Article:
A workaround is a temporary solution. It acts as a bandage to keep incidents at bay while the team continues to investigate the target problem. Teams use workarounds when there’s no clear way forward, but it’s important not to leave them in place for too long. Problem management must resume.
Because they’re not designed to last, workarounds can break — and become problems themselves. So, problem management includes a sub-process for workaround management.
Different roles contribute to different parts of the process.
Who does problem management?
Problem management relies on several key roles:
- DevOps: This role comes with a culture of continuous improvement and chases problems with gusto. In other words, DevOps is proactive. It’s the lifeblood of problem management.
- Site reliability engineer (SRE): This role applies a developer skill set to automate and improve the resilience of the service. SREs identify and resolve problems within their wheelhouse.
- Customer support engineer: People who occupy this role are frontline workers that deal with client-reported issues (and deliver their fixes). They must respond reactively.
- Leadership: This role doesn’t make the fixes, but it approves them. Leaders oversee the process in a way that’s active and engaged.
Though these roles are dedicated to their areas of expertise, they need to work together, too. It helps when they’re empowered to stay connected through the tools they use.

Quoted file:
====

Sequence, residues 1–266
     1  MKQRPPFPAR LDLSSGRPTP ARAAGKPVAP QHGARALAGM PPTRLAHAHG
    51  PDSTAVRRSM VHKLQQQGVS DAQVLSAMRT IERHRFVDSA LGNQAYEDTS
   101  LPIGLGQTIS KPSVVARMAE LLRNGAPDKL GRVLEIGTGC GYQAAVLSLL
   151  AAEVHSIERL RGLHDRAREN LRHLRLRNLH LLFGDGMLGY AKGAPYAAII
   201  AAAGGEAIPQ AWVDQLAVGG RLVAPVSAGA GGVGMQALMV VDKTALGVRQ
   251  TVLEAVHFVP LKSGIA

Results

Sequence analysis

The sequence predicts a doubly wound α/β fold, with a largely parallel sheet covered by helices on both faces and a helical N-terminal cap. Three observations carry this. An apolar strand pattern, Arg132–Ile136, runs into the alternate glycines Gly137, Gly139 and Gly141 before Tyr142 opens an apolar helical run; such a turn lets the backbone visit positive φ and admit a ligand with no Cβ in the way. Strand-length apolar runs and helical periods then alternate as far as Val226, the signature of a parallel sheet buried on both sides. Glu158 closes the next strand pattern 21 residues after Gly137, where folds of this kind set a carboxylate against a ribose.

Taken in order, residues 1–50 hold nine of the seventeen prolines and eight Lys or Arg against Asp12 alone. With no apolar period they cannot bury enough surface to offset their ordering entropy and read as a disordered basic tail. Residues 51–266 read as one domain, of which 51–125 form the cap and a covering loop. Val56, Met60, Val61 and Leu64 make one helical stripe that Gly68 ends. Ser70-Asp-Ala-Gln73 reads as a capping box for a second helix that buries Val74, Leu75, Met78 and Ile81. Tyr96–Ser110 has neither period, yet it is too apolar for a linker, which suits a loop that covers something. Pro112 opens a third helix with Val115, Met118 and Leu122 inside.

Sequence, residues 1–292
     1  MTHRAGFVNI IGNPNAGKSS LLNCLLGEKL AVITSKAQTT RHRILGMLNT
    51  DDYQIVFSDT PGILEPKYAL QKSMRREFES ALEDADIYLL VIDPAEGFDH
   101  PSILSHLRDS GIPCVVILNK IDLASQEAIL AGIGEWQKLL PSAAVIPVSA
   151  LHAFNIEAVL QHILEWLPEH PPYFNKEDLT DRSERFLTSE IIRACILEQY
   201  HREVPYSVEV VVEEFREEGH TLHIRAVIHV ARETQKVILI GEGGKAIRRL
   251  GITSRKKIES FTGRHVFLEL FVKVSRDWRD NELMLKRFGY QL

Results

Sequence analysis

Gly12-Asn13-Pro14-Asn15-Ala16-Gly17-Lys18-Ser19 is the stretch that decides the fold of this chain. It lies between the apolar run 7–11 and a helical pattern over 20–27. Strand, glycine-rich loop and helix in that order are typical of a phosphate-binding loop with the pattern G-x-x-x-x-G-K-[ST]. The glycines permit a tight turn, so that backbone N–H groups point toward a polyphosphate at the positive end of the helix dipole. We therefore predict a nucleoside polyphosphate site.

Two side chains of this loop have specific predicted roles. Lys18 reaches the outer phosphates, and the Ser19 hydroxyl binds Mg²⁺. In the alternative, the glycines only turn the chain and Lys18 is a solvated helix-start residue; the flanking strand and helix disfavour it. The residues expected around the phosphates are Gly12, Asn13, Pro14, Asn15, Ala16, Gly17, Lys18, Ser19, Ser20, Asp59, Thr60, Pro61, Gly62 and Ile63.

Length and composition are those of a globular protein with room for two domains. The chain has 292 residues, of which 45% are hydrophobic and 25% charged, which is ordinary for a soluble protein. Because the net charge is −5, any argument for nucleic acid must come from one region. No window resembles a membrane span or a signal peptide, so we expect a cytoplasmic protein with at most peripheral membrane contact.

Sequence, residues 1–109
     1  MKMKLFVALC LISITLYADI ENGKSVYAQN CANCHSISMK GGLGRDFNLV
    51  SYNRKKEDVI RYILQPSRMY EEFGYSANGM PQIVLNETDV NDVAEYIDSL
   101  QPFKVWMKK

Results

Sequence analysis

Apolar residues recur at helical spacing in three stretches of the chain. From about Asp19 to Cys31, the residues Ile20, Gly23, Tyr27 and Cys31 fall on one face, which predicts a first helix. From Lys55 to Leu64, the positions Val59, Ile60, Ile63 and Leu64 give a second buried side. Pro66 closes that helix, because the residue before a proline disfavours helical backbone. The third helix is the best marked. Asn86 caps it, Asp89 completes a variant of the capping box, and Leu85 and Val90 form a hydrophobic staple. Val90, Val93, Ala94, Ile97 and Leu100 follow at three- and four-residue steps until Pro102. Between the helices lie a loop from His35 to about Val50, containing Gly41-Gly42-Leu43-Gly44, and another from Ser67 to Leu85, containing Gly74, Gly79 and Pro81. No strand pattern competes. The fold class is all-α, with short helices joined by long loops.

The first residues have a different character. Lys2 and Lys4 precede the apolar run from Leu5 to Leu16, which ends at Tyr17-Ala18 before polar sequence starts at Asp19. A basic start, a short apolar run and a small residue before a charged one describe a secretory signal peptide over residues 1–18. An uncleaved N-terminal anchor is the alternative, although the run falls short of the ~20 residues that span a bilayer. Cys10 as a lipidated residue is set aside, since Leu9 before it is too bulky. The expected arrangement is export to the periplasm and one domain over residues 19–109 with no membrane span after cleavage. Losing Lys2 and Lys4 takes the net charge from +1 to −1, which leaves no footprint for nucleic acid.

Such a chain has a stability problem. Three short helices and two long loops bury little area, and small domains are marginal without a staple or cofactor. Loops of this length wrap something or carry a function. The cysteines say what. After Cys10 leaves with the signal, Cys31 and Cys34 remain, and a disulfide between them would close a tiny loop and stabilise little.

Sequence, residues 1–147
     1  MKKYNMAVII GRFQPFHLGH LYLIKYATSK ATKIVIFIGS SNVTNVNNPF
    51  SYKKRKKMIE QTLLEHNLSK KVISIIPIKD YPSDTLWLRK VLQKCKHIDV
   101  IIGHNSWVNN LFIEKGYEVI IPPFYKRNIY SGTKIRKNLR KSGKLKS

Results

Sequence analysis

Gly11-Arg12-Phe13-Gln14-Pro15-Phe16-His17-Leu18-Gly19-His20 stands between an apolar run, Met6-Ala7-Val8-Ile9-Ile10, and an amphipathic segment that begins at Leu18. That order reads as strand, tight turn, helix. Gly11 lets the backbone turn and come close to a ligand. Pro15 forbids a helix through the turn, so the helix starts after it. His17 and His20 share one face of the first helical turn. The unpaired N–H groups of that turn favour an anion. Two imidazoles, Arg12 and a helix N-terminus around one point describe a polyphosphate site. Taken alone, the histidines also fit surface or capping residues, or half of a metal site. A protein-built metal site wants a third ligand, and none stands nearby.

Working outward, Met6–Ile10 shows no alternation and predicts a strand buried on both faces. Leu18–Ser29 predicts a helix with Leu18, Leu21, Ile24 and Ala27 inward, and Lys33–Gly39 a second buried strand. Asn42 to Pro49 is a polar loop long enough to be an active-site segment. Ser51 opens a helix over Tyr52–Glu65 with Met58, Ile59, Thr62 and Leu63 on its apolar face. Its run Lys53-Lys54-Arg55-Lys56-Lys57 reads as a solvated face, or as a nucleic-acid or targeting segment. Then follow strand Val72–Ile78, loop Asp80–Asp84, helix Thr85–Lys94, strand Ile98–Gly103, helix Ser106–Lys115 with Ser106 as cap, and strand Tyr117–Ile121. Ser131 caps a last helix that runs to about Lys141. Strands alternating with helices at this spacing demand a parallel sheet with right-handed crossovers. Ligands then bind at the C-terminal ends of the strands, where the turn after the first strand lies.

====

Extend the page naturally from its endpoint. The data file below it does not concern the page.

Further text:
What tools does problem management use?
Helpful problem management tools support tracking:
- Ticketing system: Teams track identified problems, and the progress they make on them, using tickets. Spotless records set up success.
- Logging system: This is the machine side of tracking. Teams use the data recorded in log files to identify problems.
Leveraging tools is one best practice to follow for this process — but not the only one.
What are the best practices for problem management?
All the best practices encourage transparency and communication:
- Version control: Using a system of version control allows code to be continuously improved. It makes changes visible and trackable, encouraging accountability within the team.
- Retrospective: Including a review of the process as a formal step after resolution just makes sense. Problem management teams investigate problems deeply before acting on them. Looking back on their work lets them evaluate their solution, too. This sets them up to recognize patterns and take proactive, preventative action in the future.
Get to the root of the problem with Transposit
Transposit ensures teams have accurate and comprehensive data from both humans and machines to thoroughly investigate incidents, execute root-cause analyses, and ultimately drive continuous improvement.
- Capture human and machine data: Automatic incident timelines record the full history of actions taken throughout the system, providing the audit trail teams need to analyze incidents and problems.
- No-stress post-incident reviews: Transposit’s customizable post-incident export ensures teams have the data from both humans and machines to thoroughly investigate incidents and execute root-cause analyses.
- Drive continuous improvement: Visualize and analyze your team’s response to incidents and events with comprehensive analytics from MTTR to MTTA, and more.